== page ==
Following the Yankees early exit in the 2006 ALDS, and the rise of the Mets in their near trip to the World Series that season, I was legitimately worried that maybe, just maybe the landscape of baseball in New York City was starting to change in favor of the Mets.
That season, the Mets had produced the same record as the Yankees and had now advanced into the championship series of their league while the Yankees were home wondering how Kenny Rogers and Jeremy Bonderman embarrassed them, and also wondering whether or not Joe Torre would be back in the Bronx in 2007. While the Yankees had become a team overpopulated with "me first" personalities and a tabloid's dream, the Mets had become the better baseball team for at least one season.
The Mets' position as the talk of the town was short lived and lasted only about a week before the Cardinals ended their season. But that one week was scary enough that I started to envision life as a Yankee fan and a second-rate baseball citizen in the tri-state area. Luckily, the Mets lost Game 7 of the 2006 ALCS, collapsed in 2007, collapsed again in 2008 and had the season they did in 2009 and again this year to restore order in the baseball world in New York City and make everything right again.
Last season I began to watch a similar shift in power in the NFL with the area's football teams. While the Giants were busy blowing a 5-0 start to the season and giving up 74 points a game, the Jets went from AFC East losers led by the class clown all the way to the AFC Championship Game completely changing their team's future and how they are perceived in the sports world.
Here were the Giants, just two years removed from the greatest Super Bowl win in history, limping to an 8-8 season with the worst secondary to ever take the field and a pass rush that didn't fully understand the concept of "rushing the passer." And here were the Jets, perennial heartbreakers, whose stock was suddenly skyrocketing as they became the George Mason of the NFL postseason by creating a personality and identity that the Giants had lost since their Super Bowl win.
The problem with the pre-2009 Jets is that they were just an unlikable team – at least to me they were. Aside from Fireman Ed and a crowd that continues to make opposing fans fear for their life, there wasn't a whole lot to like about the Jets. I'm not sure any kid or sports fan in the area without a favorite football team and looking for one to like would have adopted the Jets and called them their own before last season.
Now, when you look at the Jets roster it looks like one of the two rosters for the Pro Bowl. It's full of superstars and household names. They have a coach that might be the most likable and entertaining in professional sports, and a franchise quarterback who makes it hard not to like him. It's all these reasons why as a Giants fan, the Jets intrigue me. No, I am not a Jets fan and will never ever switch sides, but I fully understand why that same person searching for a football team to like that I just talked about would choose the Jets over the Giants right now.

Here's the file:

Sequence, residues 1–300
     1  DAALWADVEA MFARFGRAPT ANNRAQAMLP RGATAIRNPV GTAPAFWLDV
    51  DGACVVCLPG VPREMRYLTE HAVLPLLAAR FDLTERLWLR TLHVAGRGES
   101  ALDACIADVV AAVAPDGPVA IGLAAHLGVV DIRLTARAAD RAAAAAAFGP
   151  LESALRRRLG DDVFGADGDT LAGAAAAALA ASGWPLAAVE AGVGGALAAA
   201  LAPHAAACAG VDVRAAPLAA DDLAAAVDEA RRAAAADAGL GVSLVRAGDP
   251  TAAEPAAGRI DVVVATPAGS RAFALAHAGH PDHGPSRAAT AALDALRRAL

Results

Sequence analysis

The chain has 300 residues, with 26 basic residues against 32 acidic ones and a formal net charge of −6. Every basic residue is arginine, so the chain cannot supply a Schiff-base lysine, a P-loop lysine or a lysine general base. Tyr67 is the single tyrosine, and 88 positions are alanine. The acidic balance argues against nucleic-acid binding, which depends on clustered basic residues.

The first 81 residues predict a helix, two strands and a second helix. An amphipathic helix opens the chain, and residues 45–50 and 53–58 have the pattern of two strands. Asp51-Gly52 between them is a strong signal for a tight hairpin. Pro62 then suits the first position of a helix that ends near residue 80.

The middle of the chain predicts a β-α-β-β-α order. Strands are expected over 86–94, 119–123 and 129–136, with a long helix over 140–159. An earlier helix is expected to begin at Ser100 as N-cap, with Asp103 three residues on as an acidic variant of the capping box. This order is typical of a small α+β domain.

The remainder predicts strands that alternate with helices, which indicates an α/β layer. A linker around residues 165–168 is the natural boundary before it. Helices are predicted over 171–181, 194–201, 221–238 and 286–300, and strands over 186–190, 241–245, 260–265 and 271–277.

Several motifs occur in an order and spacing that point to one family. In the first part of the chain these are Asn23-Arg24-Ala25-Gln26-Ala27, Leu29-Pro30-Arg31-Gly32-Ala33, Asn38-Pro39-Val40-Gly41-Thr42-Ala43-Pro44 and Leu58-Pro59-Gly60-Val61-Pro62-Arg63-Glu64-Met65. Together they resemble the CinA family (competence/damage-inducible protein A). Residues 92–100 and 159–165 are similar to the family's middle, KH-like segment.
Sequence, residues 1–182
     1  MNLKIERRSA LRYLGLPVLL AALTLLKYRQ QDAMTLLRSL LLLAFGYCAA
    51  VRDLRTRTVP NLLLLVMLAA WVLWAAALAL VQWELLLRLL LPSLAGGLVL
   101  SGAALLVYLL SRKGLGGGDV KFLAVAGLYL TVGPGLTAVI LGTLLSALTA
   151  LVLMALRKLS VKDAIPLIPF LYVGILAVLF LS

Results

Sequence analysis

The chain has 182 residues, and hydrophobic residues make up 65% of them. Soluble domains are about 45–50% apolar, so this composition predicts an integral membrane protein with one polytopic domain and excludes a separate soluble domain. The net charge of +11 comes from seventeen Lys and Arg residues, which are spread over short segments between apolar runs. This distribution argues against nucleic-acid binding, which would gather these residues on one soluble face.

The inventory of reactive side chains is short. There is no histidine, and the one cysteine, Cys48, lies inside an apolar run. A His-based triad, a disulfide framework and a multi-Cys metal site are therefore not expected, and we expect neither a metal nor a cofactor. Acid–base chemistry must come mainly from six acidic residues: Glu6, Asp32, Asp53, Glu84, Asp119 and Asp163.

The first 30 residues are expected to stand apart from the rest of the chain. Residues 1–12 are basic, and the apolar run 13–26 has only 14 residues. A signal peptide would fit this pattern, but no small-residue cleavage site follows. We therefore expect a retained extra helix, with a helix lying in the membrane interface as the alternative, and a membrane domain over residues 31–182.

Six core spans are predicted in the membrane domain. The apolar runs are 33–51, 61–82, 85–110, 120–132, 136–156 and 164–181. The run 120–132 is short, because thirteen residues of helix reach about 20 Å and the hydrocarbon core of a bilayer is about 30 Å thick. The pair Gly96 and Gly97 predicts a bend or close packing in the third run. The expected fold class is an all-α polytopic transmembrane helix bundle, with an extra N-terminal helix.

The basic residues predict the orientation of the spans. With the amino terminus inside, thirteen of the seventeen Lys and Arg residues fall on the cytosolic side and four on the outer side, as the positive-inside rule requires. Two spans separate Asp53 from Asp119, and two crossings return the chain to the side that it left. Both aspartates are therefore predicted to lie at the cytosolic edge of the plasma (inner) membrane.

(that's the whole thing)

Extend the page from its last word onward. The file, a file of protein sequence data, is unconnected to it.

The Giants would never let HBO document their training camp for Hard Knocks. They would never expose themselves or prostitute themselves as a sideshow to become a TV program for fans to watch uncensored, and I understand that and I support that. But with the Jets building their brand on the field and off the field, all the Giants can do to make sure they don't concede their superior ranking in NYC football is to produce wins on the field, and after the way last season finished, I'm not sure how many wins we can expect from this team.
The new-look Jets are why I was more excited for Hard Knocks this season over any previous season in the show's history. From the moment it was announced that the Jets would participate on the show, it was almost as if they started building their roster accordingly. Just following Rex Ryan and listening to Bart Scott would have been enough, but by adding LaDainian Tomlinson, Santonio Holmes and Antonio Cromartie and including the storyline of the most important contract negotiation in the AFC East and maybe the NFL, it's almost as if the show became as scripted as Friday Night Lights.
The first episode of Hard Knocks on Wednesday night was as good as advertised. If you missed it, here are the three men responsible for stealing the show in the first hour of what will be the most memorable season of the series.
There are going to be a lot of people that watch Hard Knocks simply to see what Rex Ryan is like outside of his comedic press conferences and aside from his extravagant Daily News and Post headlines. After watching Rex freely make fun of his in-laws in the opening minutes of the show, you just knew he was going to make the most of this opportunity to have a camera and censor-free microphone in front of him for training camp.